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Chapter 1. Historical Perspective of Water Use and Development. Chapter Headings. Drinking Water for Early Civilizations Early Irrigation and Flood-Control Projects Early Water Transportation Development Early Hydropower Development. What is Civilization?.

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Chapter 1

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Chapter 1

Chapter 1

Historical Perspective of Water Use and Development

Chapter headings

Chapter Headings

  • Drinking Water for Early Civilizations

  • Early Irrigation and Flood-Control Projects

  • Early Water Transportation Development

  • Early Hydropower Development

What is civilization

What is Civilization?

  • For civilization to emerge you need

    • Agriculture

    • Cities

    • “Leisure time” to develop skilled workers

  • Among the key features are

    • Ability to manage water

    • Suitable soil and climate for agriculture

Managing water resources

Managing Water Resources

  • Even in the earliest civilizations we can find evidence of water management

    • Delivery of drinking water to cities using qanats and aqueducts

    • Routing of wastewater out of cities

    • Delivery of water for agriculture through irrigation

    • Transportation

    • Hydropower

Drinking water for early civilizations

Drinking Water for Early Civilizations

  • Earliest civilization centers emerged in:

    • Mesopotamia along the Tigris and Euphrates Rivers (Iraq)

    • Indus River (Pakistan)

    • Yangtze River (China)

    • Nile River (Egypt)

    • Greek and Roman empires (Mediterranean)

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Figure 1.1



  • Qanat system developed in Mesopotamia area

    • From a Semitic word meaning “to dig”

    • Semitic: subfamily of Afro-Asiatic language family that includes Hebrew and Arabic

  • Delivered ground water by gravity from an upland area where it was plentiful to lowland agricultural areas and cities

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  • Qanat shafts served 3 purposes

    • Air supply

    • Remove soil and rock

    • Keep tunnels from being too long


View down a shaft to water below


Aerial photo showing collapsed shafts



  • Roman empire developed an extensive system of aqueducts to deliver surface water by gravity to cities

  • Water was delivered to fountains and baths where citizens collected and used it

  • Allowed cities to grow in size

  • Reduced amount of time that individuals (usually women) spent obtaining daily water

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Women at a stream collecting water to carry to their village in Cameroon


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Aqueduct in Segovia, Spain

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Roman public fountain

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Roman public bath at Pompei, Italy

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Coaca Maxima (main sewer) for ancient Rome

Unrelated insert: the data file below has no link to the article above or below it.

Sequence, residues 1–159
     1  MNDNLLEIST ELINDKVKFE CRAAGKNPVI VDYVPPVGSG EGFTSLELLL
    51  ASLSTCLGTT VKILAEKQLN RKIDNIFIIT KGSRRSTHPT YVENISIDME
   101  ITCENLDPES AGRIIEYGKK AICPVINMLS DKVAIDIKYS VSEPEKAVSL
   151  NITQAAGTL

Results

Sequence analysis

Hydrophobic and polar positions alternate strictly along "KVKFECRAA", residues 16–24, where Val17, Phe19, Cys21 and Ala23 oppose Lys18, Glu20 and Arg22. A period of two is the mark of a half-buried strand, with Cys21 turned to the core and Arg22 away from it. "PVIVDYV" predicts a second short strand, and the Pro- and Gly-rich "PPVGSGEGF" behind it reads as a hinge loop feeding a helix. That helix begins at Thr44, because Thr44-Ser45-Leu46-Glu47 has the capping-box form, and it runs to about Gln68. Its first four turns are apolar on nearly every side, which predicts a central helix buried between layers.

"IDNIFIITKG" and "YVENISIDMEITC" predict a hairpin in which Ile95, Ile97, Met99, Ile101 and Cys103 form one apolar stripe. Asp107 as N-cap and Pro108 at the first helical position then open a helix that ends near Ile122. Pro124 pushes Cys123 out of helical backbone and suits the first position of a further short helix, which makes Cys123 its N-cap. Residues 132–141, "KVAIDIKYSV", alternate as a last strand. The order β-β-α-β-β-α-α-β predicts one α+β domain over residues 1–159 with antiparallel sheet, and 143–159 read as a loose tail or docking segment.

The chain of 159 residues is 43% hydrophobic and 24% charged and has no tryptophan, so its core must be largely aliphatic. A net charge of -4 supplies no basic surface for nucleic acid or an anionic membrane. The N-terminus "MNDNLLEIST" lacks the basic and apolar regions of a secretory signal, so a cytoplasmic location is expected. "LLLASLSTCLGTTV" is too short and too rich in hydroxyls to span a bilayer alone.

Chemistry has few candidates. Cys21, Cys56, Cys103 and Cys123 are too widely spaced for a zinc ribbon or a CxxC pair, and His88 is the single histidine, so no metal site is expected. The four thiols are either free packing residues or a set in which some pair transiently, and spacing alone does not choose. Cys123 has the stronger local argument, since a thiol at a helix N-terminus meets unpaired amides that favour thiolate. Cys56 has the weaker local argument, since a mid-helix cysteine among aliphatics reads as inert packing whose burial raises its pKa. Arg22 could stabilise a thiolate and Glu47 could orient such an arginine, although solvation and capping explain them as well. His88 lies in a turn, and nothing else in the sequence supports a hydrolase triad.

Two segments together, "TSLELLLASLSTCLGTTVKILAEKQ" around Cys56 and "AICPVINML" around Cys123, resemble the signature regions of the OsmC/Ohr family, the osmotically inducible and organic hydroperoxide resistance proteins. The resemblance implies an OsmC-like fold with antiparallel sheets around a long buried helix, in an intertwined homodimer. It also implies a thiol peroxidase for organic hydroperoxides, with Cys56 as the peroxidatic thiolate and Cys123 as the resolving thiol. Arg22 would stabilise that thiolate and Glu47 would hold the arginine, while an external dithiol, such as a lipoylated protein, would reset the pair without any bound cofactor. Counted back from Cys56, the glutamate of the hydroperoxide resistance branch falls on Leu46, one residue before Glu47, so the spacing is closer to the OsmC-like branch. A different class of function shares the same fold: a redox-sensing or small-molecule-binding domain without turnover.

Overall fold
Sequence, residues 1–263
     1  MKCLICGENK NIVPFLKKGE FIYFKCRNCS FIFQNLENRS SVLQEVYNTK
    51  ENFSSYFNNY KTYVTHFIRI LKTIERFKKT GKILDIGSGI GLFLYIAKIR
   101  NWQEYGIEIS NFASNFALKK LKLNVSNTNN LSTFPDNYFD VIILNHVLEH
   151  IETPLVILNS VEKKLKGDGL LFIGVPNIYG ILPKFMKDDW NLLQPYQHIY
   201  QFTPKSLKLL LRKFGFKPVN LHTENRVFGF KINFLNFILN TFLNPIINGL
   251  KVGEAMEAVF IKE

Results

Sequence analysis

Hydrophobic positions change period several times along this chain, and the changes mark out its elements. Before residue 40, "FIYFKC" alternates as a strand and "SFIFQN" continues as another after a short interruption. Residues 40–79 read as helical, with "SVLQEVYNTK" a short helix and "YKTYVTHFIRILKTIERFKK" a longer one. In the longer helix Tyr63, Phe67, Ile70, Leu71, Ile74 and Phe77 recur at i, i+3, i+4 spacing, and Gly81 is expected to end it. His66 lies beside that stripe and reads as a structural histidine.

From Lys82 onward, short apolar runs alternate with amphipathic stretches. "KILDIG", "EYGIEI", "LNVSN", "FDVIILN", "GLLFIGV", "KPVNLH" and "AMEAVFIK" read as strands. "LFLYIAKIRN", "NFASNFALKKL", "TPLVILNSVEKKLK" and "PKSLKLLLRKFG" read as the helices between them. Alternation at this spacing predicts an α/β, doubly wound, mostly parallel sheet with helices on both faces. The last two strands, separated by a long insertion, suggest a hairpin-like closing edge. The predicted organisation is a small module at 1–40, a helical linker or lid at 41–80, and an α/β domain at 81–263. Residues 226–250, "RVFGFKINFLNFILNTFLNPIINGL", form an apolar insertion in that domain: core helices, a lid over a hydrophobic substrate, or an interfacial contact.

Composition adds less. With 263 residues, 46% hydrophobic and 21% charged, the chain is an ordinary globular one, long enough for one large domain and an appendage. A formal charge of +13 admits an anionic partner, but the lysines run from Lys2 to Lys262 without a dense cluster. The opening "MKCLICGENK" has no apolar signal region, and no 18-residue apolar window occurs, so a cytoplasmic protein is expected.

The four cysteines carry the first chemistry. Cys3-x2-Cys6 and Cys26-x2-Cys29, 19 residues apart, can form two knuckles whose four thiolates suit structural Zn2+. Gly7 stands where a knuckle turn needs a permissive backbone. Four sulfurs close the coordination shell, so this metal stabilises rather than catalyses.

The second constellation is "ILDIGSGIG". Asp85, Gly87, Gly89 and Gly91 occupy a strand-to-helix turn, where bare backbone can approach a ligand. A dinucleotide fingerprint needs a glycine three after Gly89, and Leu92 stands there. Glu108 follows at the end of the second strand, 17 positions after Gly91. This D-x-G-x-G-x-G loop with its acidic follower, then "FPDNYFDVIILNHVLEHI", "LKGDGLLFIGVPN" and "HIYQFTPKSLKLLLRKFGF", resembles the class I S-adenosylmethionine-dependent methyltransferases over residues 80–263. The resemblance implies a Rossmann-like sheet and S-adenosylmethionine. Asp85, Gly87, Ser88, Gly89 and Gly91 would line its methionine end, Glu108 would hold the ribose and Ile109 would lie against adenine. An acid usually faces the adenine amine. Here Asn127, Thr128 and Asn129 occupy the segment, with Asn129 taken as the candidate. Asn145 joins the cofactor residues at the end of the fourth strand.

Example of routing wastewater away from cities

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Wind Gap Pumping Plant, Tehachapi Range north of LA

California Aqueduct

Drinking water today

Drinking Water Today

  • Supplying drinking water is still an important function today

  • Many problems

    • Water quality (bacteria, carcinogens, heavy metals, etc.)

    • Water quantity (competition with agricultural for water)

  • We’ll discuss these in later chapters

Chapter headings1

Chapter Headings

  • Drinking Water for Early Civilizations

  • Early Irrigation and Flood-Control Projects

  • Early Water Transportation Development

  • Early Hydropower Development

Early irrigation and flood control

Early Irrigation and Flood Control

  • Civilization centers developed where soils were fertile

  • For soils to be fertile nutrients must be collected and deposited in an area so that they become concentrated

    • Flooding deposits rich mountain (volcanic) soils in river floodplains

    • Glaciers deposit rich topsoils at their terminus and in wind blown loess

Early irrigation and flood control1

Early Irrigation and Flood Control

  • Floodplains are often in dry areas that require irrigation

  • Nile River civilization is a good example

    • Sediments from the mountains of Ethiopia and Sudan are deposited in the floodplains of Egypt

    • Ancient Egyptians developed an elaborate irrigation system for Nile floodplain

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From Chapter 3

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Simple devices for lifting water from the river into irrigation canals:

shadoufs, tambour or Achimedes screw, and saqia water wheel

Early irrigation in the u s

Early Irrigation in the U.S.

  • Anasazi Indians developed irrigation systems in Southwest desert region around 950 AD

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Anasazi dwellings at Pueblo Bonito, Chaco Canyon, NM

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R.G. Vivian, Chaco Canyon Handbook

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Chaco Canyon irrigation

R.G. Vivian, Chaco Canyon Handbook

Early irrigation in the u s1

Early Irrigation in the U.S.

  • Brigham Young and Mormon followers began extensive irrigation system in Salt Lake Valley of Utah in 1847

  • Region receives 15 in of annual rainfall

  • Constructed diversion dams across rivers and diverted water into irrigation ditches

    • Small diversion dams were made of logs, rocks and brush

    • Irrigation ditches were made using horse-drawn plows and hand digging

Early irrigation in the u s2

Early Irrigation in the U.S.

  • Construction of an irrigation ditch was not simple

    • A ditch too steep would cause fast flow that would erode the ditch and wash it out

    • A ditch that was too flat would not move water

  • Rule of thumb was a fall of about 2 feet per mile

Early irrigation in the u s3

Early Irrigation in the U.S.

  • Homestead Act passed in 1862

    • Opened the floodgates of development in the West

    • Anyone over the age of 21 could acquire ownership of 160 acres if

      • Lived on it for 5 years

      • Made improvements to the property

    • Cost was $1.25 per acre

  • Water for irrigation became a critical issue

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Sears, Roebuck & Co. sold windmills to pump groundwater